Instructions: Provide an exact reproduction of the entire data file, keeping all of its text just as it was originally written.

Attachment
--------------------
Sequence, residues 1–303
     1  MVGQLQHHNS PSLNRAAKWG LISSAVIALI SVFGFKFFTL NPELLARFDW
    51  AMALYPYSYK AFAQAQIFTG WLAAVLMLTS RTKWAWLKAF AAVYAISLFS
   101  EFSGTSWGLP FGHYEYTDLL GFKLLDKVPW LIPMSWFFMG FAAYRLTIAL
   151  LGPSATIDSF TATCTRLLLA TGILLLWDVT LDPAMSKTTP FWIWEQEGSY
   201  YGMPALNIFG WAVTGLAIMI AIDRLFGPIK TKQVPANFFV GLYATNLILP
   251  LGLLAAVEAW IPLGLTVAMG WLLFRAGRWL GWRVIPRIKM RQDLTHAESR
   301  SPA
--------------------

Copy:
Sequence, residues 1–303
     1  MVGQLQHHNS PSLNRAAKWG LISSAVIALI SVFGFKFFTL NPELLARFDW
    51  AMALYPYSYK AFAQAQIFTG WLAAVLMLTS RTKWAWLKAF AAVYAISLFS
   101  EFSGTSWGLP FGHYEYTDLL GFKLLDKVPW LIPMSWFFMG FAAYRLTIAL
   151  LGPSATIDSF TATCTRLLLA TGILLLWDVT LDPAMSKTTP FWIWEQEGSY
   201  YGMPALNIFG WAVTGLAIMI AIDRLFGPIK TKQVPANFFV GLYATNLILP
   251  LGLLAAVEAW IPLGLTVAMG WLLFRAGRWL GWRVIPRIKM RQDLTHAESR
   301  SPA